That's all I can think of for now, but I will say that a pressure cooker is a neat cooking tool. Especially if you live in a hot climate, like I do. Most of my summer cooking is on the grill, naturally, but I use the pressure cooker a bit, too, and it doesn't heat my house up too badly.

However, ever since the Boston marathon bombing manhunt, the authorities don't like people buying pressure cookers.

That's just not true. I bought my pressure cooker after the Boston Marathon bombings, and nobody gave me a second look. Anyway, modern pressure cookers have multiple safety mechanisms so they don't go boom like your grandma's pressure cooker did.

Comment: Re:Java or C# + AngularJS (Score 1) 536

I agree that server code is moving toward being an API for a client-side presentation layer, but it's hard for me to recommend a specific JS framework at this point if OP wants the thing to stand the test of time. Angular is certainly the flavor of the month, but jquery was the next big thing not too long ago.

I also see some of my clients moving to Jade templates. It's in a bit of a state of flux.

Comment: Re:VPS costs several times more (Score 1) 536

PHP updates due to the combination of "upgrades" and exploits make me VERY happy to no longer be administrating machines.

I've never tried to maintain PHP before, but really, if you used Debian Stable or an Ubuntu LTS, you had trouble with PHP security patches? That surprises me.

Sounds like you need a better test suite.

Comment: Re:Hiring (Score 1) 536

Most of the people who know Perl well already have jobs, and aren't looking to change.

Honestly, I think that most people who know Perl also know not to sign up to slog through some unknown Perl codebase. I've seen Perl code that is well-written and easy to understand, and then there's the other 90% of Perl code that looks like Q-bert cursing up a blue streak.

I've long-since removed Perl from my resume.

Comment: Re:a few hundred years earlier than that (Score 1) 1330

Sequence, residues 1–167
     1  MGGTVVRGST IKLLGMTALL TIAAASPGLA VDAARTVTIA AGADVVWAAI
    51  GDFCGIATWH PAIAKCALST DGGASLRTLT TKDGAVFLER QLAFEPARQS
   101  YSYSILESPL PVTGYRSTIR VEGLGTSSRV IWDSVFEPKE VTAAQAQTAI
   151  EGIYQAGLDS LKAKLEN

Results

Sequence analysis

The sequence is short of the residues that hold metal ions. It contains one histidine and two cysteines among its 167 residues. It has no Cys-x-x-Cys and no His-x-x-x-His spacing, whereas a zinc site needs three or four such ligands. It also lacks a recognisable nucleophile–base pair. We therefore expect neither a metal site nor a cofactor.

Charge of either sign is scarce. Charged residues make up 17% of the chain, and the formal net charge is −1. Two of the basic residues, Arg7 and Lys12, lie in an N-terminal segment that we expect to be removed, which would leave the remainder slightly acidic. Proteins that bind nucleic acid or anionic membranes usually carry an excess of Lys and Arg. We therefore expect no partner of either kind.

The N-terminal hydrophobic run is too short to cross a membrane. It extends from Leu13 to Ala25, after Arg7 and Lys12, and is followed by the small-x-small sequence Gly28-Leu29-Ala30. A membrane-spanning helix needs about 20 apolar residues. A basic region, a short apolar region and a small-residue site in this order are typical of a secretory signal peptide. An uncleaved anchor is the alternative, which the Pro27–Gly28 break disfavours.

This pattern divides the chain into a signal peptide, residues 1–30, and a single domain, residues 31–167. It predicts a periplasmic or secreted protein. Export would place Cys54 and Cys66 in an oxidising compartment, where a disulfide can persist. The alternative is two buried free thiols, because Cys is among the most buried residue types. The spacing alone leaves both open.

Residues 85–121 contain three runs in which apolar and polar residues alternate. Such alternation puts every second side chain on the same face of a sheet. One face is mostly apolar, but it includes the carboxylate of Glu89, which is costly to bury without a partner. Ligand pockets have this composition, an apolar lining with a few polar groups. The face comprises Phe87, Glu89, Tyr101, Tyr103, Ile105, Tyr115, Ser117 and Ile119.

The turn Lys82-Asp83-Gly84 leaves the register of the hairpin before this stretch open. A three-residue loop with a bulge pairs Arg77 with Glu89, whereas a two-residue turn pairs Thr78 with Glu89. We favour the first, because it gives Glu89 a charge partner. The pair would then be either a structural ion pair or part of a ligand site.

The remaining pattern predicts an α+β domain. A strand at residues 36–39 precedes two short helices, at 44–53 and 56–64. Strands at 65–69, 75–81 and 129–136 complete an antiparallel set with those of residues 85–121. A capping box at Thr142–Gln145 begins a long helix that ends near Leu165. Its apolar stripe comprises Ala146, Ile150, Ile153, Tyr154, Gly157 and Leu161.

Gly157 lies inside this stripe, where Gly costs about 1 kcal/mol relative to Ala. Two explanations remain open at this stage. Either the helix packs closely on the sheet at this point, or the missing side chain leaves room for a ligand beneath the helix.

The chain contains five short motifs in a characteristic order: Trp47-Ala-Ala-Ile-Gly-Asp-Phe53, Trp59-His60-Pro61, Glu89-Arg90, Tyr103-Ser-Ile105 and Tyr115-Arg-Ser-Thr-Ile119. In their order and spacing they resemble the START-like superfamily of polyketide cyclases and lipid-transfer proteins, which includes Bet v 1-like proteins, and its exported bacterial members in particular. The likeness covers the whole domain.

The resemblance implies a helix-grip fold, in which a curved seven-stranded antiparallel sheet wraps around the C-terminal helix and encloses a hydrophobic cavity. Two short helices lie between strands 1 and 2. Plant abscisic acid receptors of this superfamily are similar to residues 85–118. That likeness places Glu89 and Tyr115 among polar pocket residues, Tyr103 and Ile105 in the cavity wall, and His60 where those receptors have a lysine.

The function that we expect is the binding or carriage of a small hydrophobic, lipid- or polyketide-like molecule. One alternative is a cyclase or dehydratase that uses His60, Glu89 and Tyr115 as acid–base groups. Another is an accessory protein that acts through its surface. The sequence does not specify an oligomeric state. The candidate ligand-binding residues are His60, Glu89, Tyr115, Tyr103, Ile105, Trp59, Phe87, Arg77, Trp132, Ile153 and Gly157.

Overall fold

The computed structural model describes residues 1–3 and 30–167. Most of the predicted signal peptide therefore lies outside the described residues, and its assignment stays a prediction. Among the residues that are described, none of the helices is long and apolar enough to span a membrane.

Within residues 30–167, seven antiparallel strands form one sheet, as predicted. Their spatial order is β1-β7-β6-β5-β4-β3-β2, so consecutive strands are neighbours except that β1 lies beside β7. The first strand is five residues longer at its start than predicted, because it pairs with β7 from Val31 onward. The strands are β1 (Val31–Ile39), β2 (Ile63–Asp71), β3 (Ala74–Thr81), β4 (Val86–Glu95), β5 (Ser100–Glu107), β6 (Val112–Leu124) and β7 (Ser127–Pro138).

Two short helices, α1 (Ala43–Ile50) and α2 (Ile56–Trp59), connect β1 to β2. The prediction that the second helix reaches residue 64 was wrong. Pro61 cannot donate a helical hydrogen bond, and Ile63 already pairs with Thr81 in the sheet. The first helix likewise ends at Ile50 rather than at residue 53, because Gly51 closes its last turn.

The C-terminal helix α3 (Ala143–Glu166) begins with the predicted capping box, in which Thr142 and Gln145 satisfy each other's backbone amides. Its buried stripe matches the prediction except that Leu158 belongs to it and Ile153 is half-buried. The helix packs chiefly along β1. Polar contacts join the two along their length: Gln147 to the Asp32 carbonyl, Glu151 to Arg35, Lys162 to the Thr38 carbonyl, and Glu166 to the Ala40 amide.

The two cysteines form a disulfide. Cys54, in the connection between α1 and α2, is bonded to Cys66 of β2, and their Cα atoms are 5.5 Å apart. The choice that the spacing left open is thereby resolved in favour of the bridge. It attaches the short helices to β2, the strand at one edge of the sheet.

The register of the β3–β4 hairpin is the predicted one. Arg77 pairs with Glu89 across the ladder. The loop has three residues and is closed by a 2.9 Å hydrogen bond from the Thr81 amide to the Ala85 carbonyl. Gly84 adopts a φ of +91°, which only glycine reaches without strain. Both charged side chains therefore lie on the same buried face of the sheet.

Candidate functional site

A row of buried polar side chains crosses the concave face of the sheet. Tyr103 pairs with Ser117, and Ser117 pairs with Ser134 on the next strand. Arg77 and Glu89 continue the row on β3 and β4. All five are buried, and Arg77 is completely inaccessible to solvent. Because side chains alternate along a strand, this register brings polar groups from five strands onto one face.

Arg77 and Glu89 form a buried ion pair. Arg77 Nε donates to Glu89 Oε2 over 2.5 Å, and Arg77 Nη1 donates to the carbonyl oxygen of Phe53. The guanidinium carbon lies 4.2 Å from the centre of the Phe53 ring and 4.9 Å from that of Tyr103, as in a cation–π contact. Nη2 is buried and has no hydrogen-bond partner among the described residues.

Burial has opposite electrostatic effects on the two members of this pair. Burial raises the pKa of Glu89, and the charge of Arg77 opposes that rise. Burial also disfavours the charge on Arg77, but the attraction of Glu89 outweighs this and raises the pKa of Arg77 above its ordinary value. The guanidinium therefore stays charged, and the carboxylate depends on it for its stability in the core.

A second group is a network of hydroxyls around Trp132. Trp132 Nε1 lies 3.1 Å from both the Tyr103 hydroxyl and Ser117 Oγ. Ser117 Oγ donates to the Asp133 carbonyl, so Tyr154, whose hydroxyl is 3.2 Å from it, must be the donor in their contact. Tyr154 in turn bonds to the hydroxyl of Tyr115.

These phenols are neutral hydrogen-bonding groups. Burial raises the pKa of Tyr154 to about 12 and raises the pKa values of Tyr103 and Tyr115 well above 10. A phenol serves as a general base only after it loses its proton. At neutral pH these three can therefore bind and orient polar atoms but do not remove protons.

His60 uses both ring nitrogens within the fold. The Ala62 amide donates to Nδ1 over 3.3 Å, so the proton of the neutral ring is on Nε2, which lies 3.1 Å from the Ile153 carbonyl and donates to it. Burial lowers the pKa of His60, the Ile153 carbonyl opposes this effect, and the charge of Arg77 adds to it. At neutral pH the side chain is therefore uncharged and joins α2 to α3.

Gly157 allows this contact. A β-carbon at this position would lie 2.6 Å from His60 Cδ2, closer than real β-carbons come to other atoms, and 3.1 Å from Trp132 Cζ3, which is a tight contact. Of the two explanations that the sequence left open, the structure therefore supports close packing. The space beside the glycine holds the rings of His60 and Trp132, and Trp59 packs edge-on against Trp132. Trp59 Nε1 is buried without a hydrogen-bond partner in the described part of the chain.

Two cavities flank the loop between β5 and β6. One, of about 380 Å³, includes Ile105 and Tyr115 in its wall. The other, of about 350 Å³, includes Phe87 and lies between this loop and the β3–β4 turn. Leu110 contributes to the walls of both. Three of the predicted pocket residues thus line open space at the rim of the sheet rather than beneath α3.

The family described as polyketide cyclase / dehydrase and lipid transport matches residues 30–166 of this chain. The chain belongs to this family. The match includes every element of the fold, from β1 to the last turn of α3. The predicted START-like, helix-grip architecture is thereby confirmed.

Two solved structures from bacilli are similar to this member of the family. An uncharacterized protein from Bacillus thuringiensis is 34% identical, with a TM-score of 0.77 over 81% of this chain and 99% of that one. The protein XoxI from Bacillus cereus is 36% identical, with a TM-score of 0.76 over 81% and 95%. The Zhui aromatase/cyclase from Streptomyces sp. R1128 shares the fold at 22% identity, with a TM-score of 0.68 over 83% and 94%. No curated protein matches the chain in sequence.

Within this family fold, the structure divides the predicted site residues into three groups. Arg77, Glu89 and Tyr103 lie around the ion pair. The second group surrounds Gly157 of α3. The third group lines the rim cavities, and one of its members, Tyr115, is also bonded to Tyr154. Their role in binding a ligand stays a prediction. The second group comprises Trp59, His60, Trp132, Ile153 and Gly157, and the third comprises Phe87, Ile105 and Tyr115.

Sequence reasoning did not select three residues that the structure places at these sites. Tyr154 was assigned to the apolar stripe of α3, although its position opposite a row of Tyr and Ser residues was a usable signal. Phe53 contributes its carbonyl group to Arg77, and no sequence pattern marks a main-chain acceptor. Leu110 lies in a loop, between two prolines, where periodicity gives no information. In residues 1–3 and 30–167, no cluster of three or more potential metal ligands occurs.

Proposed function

the idea that corporations can have religion is absurd.

Like it or not, nonprofits can already have religious beliefs and opt out of the contraception mandate. So applying the same rules to for profit companies just makes sense. Why should a nonprofit Christian charity be able to hold religious beliefs, yet a for-profit Christian bookstore cannot? That doesn't make any sense.

Comment: Magic Builds! (Score 1) 279

by Slashdot Parent (#47325729) Attached to: Why Software Builds Fail

Ugh, I hate magic builds. You know, the kind that only build on a single developer's workstation using code that's not pushed to the central git server. Unacceptable. The only solution is to insist that all software be buildable on a vanilla machine, but most cowboy devs don't like edicts too much.

The way to fix the cowboys is to give them a gift. A gift that takes away their goddamn high horse. That gift is an automated build tool that automatically builds and deploys their pushed changes to the dev environment. That way, their laziness can override their egos and they accept the tool, but in order to use the tool, they have to spend the extra few minutes scripting their builds properly and an extra few seconds pushing their code.

The effects at my current client have been awesome. No more, "Oh, Bob has to do a build because he's the only one who can do it." Or "only Frank has the latest changes." Or "Oh, the build script is this word doc that might be up to date, but then, it might not be." Or "Oh, the production code isn't quite committed to git yet. It's on Chuck's laptop."

Yuck.